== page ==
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Pop Art Movement

            Pop Art was a visual arts movement of the 1950's and 1960's in Britain and the United States of America. The term Pop Art referred to the interest of a number of artists in the images of mass media, advertising, comics and consumer products. Pop Art is an abbreviation of Popular Art, the images used in Pop Art were taken from popular or "pop" culture. Pop art was "a dazzling celebration of life in a world recovering from war."# Pop art is in some ways hard to define. Pop art does not describe a style but rather a collective term for an artistic phenomena where the works have a sense of being in a particular era. There are however essential characteristics which make artworks part of the Pop Art Movement. These characteristics are the subject matter, forms and media of Pop Art. Pop art was entirely a Western phenomenon, born under capitalist, technological conditions in an industrial society. The epicentre of Pop art was America and as a result the entire western world have become Americanised.# Pop art thrived in big cities. The cities of its birth were New York and London. These two places became the new art centres of the Western World.#.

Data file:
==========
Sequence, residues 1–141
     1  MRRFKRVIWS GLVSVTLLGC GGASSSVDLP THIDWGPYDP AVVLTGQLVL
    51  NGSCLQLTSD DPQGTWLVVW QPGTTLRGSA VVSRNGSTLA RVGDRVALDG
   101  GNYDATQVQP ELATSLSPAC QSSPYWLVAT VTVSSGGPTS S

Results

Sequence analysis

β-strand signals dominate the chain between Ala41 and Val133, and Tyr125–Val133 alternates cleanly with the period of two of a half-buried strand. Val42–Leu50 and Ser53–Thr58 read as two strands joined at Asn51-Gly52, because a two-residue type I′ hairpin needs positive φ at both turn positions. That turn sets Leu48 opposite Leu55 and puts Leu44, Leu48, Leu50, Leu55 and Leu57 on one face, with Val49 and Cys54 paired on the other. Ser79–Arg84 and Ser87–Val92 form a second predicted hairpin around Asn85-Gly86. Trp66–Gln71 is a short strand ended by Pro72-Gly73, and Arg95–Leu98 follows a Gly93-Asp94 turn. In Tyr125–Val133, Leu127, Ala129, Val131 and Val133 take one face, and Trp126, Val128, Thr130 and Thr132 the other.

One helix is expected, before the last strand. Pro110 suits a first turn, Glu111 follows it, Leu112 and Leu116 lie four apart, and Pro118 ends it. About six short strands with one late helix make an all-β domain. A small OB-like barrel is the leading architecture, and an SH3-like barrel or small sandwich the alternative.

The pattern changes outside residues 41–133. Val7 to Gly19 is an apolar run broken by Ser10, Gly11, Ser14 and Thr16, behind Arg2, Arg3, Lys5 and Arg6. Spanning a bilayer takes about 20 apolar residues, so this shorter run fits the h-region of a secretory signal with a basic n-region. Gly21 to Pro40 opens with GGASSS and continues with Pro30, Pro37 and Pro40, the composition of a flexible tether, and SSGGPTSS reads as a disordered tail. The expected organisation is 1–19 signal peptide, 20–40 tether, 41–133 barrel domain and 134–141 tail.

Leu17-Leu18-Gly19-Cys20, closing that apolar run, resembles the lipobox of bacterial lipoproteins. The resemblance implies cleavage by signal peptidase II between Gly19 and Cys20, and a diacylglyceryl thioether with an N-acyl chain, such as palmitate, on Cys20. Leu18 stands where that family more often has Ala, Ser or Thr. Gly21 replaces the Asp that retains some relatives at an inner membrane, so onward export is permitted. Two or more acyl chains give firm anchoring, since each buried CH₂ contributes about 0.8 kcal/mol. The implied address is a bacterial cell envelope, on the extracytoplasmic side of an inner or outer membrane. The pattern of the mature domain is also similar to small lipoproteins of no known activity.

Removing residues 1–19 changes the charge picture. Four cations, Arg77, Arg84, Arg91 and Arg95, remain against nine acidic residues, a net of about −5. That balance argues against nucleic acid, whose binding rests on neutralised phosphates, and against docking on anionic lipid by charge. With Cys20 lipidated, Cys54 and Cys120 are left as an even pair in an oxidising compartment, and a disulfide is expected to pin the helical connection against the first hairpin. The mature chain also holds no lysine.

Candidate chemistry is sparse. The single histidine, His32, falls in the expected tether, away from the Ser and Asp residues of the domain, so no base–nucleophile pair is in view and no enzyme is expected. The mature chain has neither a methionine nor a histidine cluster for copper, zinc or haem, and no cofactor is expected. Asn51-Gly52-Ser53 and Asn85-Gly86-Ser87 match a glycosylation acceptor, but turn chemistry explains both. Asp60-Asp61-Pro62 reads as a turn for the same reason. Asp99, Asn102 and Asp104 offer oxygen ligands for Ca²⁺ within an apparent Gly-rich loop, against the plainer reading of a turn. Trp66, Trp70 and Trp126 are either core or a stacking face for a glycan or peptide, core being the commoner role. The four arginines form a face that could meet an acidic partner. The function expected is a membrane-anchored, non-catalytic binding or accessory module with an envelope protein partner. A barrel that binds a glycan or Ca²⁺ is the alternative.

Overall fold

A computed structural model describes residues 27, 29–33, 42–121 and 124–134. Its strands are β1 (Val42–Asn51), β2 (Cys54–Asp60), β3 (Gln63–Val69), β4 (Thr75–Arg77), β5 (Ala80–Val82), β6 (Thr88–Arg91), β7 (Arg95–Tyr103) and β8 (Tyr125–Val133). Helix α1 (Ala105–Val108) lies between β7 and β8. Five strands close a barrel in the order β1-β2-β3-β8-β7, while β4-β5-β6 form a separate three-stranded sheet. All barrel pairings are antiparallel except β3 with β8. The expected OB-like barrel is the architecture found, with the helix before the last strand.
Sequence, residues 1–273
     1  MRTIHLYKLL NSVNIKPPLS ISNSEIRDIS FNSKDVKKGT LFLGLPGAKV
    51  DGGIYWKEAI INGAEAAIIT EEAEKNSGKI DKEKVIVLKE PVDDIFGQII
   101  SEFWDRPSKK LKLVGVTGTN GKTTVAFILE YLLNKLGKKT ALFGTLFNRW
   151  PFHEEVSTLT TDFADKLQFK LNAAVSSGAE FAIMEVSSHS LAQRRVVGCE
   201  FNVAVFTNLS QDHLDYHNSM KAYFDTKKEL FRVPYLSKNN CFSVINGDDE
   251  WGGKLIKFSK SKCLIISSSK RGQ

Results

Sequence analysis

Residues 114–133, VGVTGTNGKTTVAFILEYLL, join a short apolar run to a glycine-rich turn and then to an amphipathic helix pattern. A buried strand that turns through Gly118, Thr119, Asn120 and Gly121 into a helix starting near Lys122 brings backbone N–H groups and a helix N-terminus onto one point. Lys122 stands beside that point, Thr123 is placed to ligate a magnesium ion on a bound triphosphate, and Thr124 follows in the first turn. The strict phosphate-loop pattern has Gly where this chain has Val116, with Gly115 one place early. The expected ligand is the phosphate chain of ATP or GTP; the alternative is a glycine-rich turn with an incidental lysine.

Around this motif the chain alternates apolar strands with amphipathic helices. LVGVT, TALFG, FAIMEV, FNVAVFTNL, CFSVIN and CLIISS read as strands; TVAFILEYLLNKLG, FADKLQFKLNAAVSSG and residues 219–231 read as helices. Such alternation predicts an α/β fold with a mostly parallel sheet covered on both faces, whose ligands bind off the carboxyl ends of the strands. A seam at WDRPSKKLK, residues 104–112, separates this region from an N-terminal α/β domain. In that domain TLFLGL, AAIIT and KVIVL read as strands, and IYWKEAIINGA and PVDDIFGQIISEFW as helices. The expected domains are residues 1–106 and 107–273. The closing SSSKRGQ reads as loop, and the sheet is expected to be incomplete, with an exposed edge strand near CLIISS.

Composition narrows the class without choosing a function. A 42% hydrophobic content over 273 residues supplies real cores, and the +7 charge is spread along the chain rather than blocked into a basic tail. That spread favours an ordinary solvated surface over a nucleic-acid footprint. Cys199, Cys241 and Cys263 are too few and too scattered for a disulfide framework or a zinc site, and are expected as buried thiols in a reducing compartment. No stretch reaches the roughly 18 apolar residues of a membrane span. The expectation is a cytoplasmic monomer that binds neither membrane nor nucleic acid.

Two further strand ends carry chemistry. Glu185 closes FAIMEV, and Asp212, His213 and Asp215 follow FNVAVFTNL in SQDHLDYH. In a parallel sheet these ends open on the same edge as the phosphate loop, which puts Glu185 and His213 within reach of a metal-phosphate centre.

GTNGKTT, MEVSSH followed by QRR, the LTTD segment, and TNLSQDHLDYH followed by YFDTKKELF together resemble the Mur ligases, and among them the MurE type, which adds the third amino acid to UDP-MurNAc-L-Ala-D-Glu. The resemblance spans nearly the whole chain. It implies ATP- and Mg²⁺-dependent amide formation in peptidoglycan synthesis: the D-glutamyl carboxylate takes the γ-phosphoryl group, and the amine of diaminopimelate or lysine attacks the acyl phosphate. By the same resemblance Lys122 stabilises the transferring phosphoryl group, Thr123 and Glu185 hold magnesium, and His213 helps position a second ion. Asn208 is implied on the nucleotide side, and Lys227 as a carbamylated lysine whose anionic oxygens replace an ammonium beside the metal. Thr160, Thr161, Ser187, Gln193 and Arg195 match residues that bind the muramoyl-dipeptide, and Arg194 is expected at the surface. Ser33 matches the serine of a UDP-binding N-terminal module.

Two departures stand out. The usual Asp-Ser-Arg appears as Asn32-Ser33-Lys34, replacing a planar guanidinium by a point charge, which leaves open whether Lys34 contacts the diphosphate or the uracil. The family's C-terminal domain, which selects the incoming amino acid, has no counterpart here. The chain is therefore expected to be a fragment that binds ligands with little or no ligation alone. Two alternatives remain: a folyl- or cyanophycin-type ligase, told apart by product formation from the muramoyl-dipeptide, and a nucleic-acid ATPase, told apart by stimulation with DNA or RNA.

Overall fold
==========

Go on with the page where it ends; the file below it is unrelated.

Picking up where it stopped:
In the post war world of the 1950's both Britain and America were places of optimism. After the War there was a consumer boom. Exciting new products were pouring out of factories on a massive scale. Mass production meant lower prices so more people could afford these new products. People were enjoying fast cars, fast food, colour television, film, fashion and pop music for the first time. There was a whole range of new products to brighten up these peoples lives. This was the birth of Popular culture. Stores, burger bars and cinemas wanted to draw big crowds. To do this they advertised their products on giant billboards, television screens and magazines. The Pop artists liked these bright images that they saw in the advertisements and realised that by using these ideas in their art they too could attract attention.

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